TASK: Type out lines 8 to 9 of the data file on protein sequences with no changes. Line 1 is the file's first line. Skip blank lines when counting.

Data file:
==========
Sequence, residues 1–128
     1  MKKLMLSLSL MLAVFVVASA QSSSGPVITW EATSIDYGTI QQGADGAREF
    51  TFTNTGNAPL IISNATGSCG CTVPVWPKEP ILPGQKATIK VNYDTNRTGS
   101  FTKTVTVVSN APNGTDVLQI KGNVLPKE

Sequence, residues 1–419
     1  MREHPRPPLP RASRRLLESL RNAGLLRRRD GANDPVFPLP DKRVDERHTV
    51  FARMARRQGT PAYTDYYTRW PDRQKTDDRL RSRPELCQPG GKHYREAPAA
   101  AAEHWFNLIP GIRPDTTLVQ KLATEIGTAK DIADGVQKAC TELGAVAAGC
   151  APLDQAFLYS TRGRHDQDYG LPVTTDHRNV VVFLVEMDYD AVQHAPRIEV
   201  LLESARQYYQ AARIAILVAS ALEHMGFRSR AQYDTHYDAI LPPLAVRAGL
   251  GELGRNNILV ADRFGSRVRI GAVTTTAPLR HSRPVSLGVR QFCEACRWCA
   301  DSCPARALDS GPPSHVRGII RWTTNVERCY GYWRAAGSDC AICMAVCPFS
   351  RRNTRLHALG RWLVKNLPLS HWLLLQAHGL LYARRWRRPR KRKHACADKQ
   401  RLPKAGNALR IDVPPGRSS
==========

   101  AAEHWFNLIP GIRPDTTLVQ KLATEIGTAK DIADGVQKAC TELGAVAAGC
   151  APLDQAFLYS TRGRHDQDYG LPVTTDHRNV VVFLVEMDYD AVQHAPRIEV